Tim Cook took the stand for the first time as Apple’s chief executive. The billionaire creator of one of the world’s most popular video games walked a federal judge through a tour of the so-called metaverse. And lawyers in masks debated whether an anthropomorphic banana without pants was appropriate to show in federal court.
For the past three weeks, Apple has defended itself in a federal courtroom in Oakland, Calif., against claims that it abused its power over the iPhone App Store, in one of the biggest antitrust trials in Silicon Valley’s history. Epic Games, the maker of the popular game Fortnite, sued Apple last year seeking to allow apps to avoid the 30 percent commission that the iPhone maker takes on many app sales.
On Monday, the trial — which covered esoteric definitions of markets as well as oddball video game characters — concluded with Judge Yvonne Gonzalez Rogers of the U.S. District Court for the Northern District of California pressing the companies on what should change in Apple’s business, if anything. The decision over the case, as well as the future of the $100 billion market for iPhone apps, now rests in her hands. Judge Gonzalez Rogers has said she hopes to issue a verdict by mid-August.
Yet even in an era of antitrust scrutiny of the world’s biggest tech companies, the trial showed how difficult it was to take on a $2.1 trillion corporate titan like Apple.
To sue Apple, Epic spared little expense. The games maker, which is based in Cary, N.C., sacrificed a valuable product when Apple yanked the Fortnite iPhone app — which had generated more than $1 billion in sales — from the App Store. Epic also spent millions of dollars on lawyers, economists and expert witnesses. Yet it still began the trial at a disadvantage because antitrust laws tend to favor defendants, according to legal experts who tracked the case.
While Judge Gonzalez Rogers signaled openness to Epic’s arguments during the trial, a ruling in favor of the video game maker might not lead to momentous changes in the market for mobile apps. Any verdict is also likely to be tied up in appeals for years, at which point rapid change in the technology industry could leave its effects obsolete.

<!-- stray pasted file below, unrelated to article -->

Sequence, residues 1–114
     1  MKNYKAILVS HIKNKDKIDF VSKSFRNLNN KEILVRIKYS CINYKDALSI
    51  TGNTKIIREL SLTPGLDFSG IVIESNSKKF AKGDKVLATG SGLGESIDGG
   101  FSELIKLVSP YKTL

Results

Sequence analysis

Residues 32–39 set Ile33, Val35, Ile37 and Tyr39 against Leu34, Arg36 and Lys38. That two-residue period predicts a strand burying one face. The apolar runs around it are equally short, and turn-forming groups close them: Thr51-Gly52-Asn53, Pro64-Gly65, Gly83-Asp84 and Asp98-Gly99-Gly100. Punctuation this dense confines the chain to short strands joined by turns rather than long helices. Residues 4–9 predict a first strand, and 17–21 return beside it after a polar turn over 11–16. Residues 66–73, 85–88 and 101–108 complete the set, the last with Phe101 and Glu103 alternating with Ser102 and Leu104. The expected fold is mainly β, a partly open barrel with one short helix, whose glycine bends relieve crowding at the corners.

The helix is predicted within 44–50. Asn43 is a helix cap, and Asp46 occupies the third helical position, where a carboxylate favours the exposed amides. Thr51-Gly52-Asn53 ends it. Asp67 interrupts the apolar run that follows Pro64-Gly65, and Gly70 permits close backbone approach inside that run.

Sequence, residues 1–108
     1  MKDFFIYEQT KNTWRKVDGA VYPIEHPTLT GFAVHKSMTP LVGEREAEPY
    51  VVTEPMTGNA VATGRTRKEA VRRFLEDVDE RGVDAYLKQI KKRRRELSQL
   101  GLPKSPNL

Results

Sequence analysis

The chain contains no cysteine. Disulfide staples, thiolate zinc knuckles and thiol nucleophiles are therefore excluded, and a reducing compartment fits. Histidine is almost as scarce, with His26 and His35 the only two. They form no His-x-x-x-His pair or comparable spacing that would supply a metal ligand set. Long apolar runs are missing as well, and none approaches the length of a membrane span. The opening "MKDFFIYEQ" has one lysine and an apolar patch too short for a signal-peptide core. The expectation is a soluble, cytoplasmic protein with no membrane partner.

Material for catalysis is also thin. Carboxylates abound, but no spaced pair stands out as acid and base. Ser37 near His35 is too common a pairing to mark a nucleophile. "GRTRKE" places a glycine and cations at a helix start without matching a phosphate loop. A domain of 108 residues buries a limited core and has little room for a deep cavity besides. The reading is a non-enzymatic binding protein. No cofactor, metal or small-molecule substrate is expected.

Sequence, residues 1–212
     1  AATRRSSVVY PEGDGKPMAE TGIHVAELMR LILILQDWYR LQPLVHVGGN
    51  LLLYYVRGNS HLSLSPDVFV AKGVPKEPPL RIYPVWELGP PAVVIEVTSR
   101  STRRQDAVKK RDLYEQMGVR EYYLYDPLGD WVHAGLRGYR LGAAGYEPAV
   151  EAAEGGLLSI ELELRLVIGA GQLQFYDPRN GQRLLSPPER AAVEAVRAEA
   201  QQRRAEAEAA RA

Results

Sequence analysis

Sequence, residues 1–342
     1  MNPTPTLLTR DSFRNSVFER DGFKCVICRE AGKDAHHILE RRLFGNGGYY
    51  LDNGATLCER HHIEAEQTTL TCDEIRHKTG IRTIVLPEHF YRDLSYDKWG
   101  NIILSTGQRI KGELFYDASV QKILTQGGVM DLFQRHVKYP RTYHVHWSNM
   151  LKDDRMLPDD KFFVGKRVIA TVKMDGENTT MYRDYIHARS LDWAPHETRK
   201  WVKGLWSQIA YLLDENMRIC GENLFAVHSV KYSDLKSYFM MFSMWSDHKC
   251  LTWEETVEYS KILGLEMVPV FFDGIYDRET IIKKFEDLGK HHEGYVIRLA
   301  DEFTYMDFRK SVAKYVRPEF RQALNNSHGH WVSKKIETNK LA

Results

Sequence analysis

“To mount a credible antitrust campaign, you need to have a significant war chest,” said David Kesselman, an antitrust lawyer in Los Angeles who has followed the case. “And the problem for many smaller companies and smaller businesses is that they don’t have the wherewithal to mount that type of a fight.”
The case focused on how Apple wields control over the iPhone App Store to charge its commission on app sales. Companies big and small have argued that the fee shows Apple is abusing its dominance, while Apple has responded that its cut of sales helps fund efforts to keep iPhones safe. Regulators and lawmakers have homed in on the issue, making it the center of antitrust complaints against the company.
Epic’s lawsuit was the biggest test yet of those claims — and the best shot for app developers who want to weaken Apple’s grip on the iPhone app market. Tim Sweeney, Epic’s chief executive and a longtime antagonist to big tech companies, has said he is “fighting for open platforms and policy changes equally benefiting all developers.”
Throughout the trial, lawyers, investors and journalists parsed Judge Gonzalez Rogers’s comments and questions for hints of her thinking. When Epic brought its witnesses to the stand, she appeared at points to be sympathetic to Apple’s arguments. But the angle of her questions shifted when Apple presented its witnesses, including Mr. Cook, last week.
In a sharp back-and-forth with the Apple C.E.O. on Friday, Judge Gonzalez Rogers told Mr. Cook that it was clear his company had made changes to its App Store fees in response to public pressure. She then interrogated him on why Apple was unwilling to give iPhone users more choice on where they could buy apps. In response, Mr. Cook effectively admitted that Apple wanted to maximize its profits.